Once editing is complete, click Save at the top of your screen. You will find your photo in Photos for iOS or Gallery for Android then within the Snapseed folder. You’re ready to post to social media or text your family and friends with your photo.

photo1

Now if that isn’t a “snap”, I don’t know what is!

Joanne Shipman is a trip leader with Arizona Highways Photo Workshops.

 

 

 

 

 

The Excitement of Bird Photography

Author: Joanne Shipman

I love photographing birds in the wild. There is an excitement in being outdoors to seek out birds and watch their behaviors, hear them call to one another or get a glimpse from a safe distance of a nest.

Nuthatcher - Globe, Arizona in Pinal Mountains

Nuthatcher – Globe, Arizona in Pinal Mountains

Snow Geese and Coyote - San Antonio, New Mexico in Bosque Del Apache

Snow Geese and Coyote – San Antonio, New Mexico in Bosque Del Apache

Every experience is different. A group of us were photographing thousands of Snow Geese at Bosque Del Apache National Wildlife Refuge when a Coyote decided to meander into the area. In another instance, we were photographing birds in Pinal Mountain when we heard loud grunts from a nearby tree and were surprised to see a White-Nosed Coatimundi moving down a tree then into the woods.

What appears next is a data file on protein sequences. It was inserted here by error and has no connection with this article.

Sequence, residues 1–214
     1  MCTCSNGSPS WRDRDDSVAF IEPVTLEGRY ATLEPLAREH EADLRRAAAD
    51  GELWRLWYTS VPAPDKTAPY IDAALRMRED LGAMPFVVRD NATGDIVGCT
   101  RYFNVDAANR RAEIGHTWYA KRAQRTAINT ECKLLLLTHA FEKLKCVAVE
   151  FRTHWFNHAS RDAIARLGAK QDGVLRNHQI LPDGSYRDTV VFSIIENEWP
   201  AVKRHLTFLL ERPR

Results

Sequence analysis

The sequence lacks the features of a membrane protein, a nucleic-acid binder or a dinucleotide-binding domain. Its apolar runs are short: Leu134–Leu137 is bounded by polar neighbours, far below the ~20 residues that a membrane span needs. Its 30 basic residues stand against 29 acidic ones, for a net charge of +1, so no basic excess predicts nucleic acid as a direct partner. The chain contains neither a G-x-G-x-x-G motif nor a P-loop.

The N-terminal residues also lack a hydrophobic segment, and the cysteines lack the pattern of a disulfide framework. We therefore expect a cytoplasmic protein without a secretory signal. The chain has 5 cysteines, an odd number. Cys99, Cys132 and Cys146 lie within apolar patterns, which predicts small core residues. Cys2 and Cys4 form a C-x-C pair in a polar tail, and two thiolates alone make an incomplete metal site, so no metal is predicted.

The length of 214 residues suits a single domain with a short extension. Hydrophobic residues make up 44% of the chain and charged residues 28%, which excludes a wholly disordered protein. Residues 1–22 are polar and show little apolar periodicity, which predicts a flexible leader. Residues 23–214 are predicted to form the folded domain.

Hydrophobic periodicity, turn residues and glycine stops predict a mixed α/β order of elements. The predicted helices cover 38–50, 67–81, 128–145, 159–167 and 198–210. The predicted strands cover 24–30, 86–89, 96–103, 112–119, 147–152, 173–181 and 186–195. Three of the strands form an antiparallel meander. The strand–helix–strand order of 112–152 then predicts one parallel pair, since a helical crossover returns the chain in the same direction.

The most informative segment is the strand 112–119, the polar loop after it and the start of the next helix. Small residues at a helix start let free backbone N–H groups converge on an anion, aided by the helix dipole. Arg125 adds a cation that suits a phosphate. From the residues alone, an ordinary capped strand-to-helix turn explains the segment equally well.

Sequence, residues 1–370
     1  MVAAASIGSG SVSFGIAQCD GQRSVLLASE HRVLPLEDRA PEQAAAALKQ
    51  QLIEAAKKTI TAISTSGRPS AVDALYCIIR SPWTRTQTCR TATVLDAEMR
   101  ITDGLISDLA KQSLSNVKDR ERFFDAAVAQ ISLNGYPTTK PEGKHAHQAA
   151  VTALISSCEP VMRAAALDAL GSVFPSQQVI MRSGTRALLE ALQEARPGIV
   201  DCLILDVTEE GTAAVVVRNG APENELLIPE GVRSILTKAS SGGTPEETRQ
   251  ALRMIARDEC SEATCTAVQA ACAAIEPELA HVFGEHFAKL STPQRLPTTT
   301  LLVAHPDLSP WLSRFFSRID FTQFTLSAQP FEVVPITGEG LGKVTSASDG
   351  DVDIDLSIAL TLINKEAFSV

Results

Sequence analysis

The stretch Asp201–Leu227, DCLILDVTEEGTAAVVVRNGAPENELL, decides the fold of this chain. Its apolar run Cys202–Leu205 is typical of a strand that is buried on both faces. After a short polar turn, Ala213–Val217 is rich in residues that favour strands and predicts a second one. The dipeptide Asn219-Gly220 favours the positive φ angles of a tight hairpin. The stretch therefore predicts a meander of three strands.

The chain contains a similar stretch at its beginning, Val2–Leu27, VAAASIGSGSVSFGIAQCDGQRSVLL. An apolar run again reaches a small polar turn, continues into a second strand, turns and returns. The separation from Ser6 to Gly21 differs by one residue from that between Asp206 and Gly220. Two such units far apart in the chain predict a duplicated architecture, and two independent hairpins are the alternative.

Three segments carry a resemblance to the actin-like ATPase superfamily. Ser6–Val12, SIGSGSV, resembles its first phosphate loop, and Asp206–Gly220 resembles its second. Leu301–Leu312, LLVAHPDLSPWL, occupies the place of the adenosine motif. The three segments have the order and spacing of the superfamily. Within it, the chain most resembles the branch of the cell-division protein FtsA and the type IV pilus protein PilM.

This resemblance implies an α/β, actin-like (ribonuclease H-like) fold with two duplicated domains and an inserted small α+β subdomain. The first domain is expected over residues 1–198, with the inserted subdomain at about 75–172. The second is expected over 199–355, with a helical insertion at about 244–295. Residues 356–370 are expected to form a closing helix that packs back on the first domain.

Coati - Globe, Arizona in Pinal Mountains (Not the best photograph, but these guys are elusive!)

Coati – Globe, Arizona in Pinal Mountains (Not the best photograph, but these guys are elusive!)

For my photos I used a Canon 5DMII and 400mm L prime lens. In many cases, you may not be able to get close to the birds, so a longer lens is essential. Depending on the environment I adjust ISO and aperture as necessary, but typically, my ISO is set higher anywhere from 400 to 1000 to ensure a fast shutter speed. I prefer aperture priority and start with f2.8 to f5-6 as a good starting point. Finally, I use continuous shooting mode to get the most frames per second, especially for birds in flight, and I select a single point auto focus in AI Servo mode.

Willet - Huntington Beach, California in Bolsa Chica Wetlands

Willet – Huntington Beach, California in Bolsa Chica Wetlands

Hopefully you will have an opportunity to go out and challenge yourself with bird photography. For me at least (moment of truth!), not every photo is perfect, but like anything, practice makes close-to-perfect.

Common Black-Hawk - Cornville, Arizona in Page Springs Hatchery

Common Black-Hawk – Cornville, Arizona in Page Springs Hatchery

Be sure to check out the Birds of South Texas workshop scheduled in March 2017, and keep an eye out for future scheduled workshops in Bosque Del Apache.